Role and reference grammar
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Role and Reference Grammar (RRG) is a model of grammar developed by William Foley and Robert Van Valin, Jr. in the 1980s, which incorporates many of the points of view of current functional grammar theories.
In RRG, the description of a sentence in a particular language is formulated in terms of (a) its logical (semantic) structure and communicative functions, and (b) the grammatical procedures that are available in the language for the expression of these meanings.
Among the main features of RRG are the use of lexical decomposition, based upon the predicate semantics of David Dowty (1979), an analysis of clause structure, and the use of a set of thematic roles organized into a hierarchy in which the highest-ranking roles are 'Actor' (for the most active participant) and 'Undergoer'.
- Foley, William A.; & Robert D. Van Valin, Jr (1984). Functional syntax and universal grammar. Cambridge: Cambridge University Press.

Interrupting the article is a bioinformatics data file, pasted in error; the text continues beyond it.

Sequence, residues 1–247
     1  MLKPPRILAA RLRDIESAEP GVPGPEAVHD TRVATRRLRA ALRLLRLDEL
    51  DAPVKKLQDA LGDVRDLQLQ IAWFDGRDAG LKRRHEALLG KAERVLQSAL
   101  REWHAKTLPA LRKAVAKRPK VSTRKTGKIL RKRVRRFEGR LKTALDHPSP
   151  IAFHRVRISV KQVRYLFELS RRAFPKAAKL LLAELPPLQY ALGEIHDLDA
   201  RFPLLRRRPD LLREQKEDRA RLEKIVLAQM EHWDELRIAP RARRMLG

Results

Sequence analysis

- Van Valin, Robert D., Jr. (Ed.). (1993). Advances in Role and Reference Grammar. Amsterdam: Benjamins.
- Van Valin, Robert D., Jr. (1993). A synopsis of Role and Reference Grammar. In R. D. Van Valin Jr. (Ed.), Advances in Role and Reference Grammar (pp. 1–164). Amsterdam: Benjamins.
- Van Valin, Robert D., Jr.; & William A. Foley (1980). Role and Reference Grammar. In: E. A. Moravcsik & J. R. Wirth (Eds.), Current approaches to syntax (pp. 329–352). Syntax and semantics (Vol. 13). New York: Academic Press.
- Van Valin, Robert D., Jr.; & Randy LaPolla (1997). Syntax: Structure, meaning and function. Cambridge: Cambridge University Press.
- Van Valin, Robert D., Jr. (2003). Exploring the Syntax-Semantics Interface. Cambridge: Cambridge University Press.
- Introduction to RRG ("A Summary of Role and Reference Grammar" PDF
- Role and Reference Grammar (Van Valin's site)
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